Five years later, he discovers there is a fault with the Danish national DNA register, news that brings fresh hope that his daughter might still be alive. He then embarks on an unauthorised investigation that leads him into the world of illegal child trafficking.

The eight-part crime thriller comes from Nordisk Film Production, in collaboration with France’s French Kiss Pictures for broadcasters TV2 in Denmark and Arte France. Norway’s NRK, YLE in Finland, SVT in Sweden and Icelandic broadcaster RUV will also air the series.

It was Hoppe’s desire to write a crime series about an investigator trying to solve their own problems, rather than someone else’s, that gave him the first idea for DNA. “That was the driving engine behind the story,” he says. “The ambition was definitely to make a crime story where it was about an investigator’s own life, where the crime plot had something to do with him personally.”

DNA has been made for Denmark’s TV2 and Arte in France

His plan for a new series initially began as a case-of-the-week procedural, but when he presented one potential storyline that focused more on the investigator’s personal life, TV2 asked him to turn that into a serialised storyline that would run across the entire series.

“I wanted to do something about a missing child, and I realised that when you talk about children and adoption, there are so many dilemmas,” Hoppe explains. “It looks really nice from one perspective. A child is taken from somewhere and brought to a wealthy family where they can get an education. It sounds really nice. But from the other side, to take a child from a mother, no matter whether she is rich or poor, and give it to another person, it’s not necessarily a good thing in the eyes of the woman who gave birth to that child.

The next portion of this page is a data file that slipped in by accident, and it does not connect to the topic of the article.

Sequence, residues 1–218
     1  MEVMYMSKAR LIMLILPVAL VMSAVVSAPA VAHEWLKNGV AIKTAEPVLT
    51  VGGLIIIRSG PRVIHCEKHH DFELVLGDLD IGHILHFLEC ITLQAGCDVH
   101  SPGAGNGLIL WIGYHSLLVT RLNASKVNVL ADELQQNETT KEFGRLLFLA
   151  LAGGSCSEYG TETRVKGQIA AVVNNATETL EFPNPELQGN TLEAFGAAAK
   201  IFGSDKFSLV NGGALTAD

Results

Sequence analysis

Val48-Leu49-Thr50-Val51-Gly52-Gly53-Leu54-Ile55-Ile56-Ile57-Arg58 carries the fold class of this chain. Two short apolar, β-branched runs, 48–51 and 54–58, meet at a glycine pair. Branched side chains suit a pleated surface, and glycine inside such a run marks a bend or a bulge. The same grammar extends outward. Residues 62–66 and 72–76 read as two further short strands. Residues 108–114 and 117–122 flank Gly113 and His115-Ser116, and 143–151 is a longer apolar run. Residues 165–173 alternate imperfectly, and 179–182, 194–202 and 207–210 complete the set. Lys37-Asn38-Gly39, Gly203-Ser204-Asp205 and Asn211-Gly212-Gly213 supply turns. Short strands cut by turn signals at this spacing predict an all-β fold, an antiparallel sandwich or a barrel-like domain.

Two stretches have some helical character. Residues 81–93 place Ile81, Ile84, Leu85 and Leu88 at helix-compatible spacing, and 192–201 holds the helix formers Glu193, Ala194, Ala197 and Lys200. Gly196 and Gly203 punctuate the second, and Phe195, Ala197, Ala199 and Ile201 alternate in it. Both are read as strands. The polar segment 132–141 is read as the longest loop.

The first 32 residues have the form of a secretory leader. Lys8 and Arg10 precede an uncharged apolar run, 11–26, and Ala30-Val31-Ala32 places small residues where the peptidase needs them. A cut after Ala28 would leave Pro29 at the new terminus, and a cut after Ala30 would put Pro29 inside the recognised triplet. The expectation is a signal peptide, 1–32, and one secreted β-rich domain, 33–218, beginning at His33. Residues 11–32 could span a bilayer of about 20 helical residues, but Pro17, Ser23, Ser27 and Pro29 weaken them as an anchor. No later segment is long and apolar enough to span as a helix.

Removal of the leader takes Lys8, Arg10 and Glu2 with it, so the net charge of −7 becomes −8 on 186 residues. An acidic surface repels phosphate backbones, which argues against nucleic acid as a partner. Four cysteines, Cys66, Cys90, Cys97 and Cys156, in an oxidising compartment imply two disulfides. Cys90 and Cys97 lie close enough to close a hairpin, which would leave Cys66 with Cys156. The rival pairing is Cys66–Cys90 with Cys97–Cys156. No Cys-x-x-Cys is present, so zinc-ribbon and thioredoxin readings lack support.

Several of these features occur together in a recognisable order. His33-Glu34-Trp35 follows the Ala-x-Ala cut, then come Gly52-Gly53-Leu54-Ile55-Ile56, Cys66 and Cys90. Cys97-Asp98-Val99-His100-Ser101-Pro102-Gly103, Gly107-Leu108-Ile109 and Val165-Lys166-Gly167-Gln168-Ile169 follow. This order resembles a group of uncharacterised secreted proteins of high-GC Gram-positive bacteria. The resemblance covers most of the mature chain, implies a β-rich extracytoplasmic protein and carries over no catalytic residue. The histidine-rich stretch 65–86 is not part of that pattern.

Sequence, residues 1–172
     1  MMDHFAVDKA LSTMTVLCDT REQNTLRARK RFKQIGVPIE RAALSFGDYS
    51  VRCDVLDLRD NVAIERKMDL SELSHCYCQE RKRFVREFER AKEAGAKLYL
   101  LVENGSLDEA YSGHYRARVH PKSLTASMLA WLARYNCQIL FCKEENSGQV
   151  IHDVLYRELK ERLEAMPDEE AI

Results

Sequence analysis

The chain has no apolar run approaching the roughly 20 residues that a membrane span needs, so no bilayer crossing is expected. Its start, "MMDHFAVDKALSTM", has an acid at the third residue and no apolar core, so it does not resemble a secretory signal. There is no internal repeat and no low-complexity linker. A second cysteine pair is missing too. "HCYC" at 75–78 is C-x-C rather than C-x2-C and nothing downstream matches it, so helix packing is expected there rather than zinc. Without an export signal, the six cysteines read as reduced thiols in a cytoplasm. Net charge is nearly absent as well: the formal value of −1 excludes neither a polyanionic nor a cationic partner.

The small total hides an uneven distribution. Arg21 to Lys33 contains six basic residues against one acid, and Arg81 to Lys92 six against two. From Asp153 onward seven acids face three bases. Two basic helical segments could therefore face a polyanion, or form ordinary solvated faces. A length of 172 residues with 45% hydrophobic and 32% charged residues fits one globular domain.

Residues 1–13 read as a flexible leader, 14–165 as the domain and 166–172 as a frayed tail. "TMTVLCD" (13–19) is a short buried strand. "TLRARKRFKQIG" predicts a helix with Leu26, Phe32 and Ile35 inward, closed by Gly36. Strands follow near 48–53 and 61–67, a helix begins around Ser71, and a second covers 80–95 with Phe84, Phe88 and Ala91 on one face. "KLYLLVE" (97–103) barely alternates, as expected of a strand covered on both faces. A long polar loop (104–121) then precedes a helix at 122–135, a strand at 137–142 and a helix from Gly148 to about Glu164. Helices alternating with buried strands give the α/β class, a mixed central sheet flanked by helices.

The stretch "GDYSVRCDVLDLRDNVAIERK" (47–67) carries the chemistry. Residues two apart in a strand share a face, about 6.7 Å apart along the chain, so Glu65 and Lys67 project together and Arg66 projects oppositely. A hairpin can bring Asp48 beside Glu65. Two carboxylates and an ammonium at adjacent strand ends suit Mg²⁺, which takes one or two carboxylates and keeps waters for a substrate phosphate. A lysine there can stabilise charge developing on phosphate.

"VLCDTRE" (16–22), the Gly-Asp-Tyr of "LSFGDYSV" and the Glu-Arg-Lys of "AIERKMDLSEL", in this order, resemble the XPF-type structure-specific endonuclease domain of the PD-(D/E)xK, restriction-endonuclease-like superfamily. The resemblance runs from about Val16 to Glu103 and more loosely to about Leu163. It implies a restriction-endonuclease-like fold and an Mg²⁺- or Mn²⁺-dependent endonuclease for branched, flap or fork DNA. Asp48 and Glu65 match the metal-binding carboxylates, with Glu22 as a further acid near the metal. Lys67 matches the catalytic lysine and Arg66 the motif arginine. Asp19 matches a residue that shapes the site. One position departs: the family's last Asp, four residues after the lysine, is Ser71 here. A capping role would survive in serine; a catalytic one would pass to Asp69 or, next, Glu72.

“The more I started to dive into that, the story became about trafficking of children for surrogacy and adoption, not other trafficking purposes. I found that’s something that does take place, and as soon as it becomes an unauthorised business then there aren’t really any rules.”

But what started out as a “very Danish story” soon expanded to take in other countries in Europe when Hoppe settled on the trafficking storyline, particularly Poland and France, where Rolf teams up with another investigator, Claire Bobain, played by British actor Charlotte Rampling (Broadchurch). Other cast members include Zofia Wichlacz (World on Fire, 1983) as Julita Sienko, Nicolas Bro (The Bridge) as Jarl Skaubo and Olivia Joof (Boogie) as Neel Skibsted.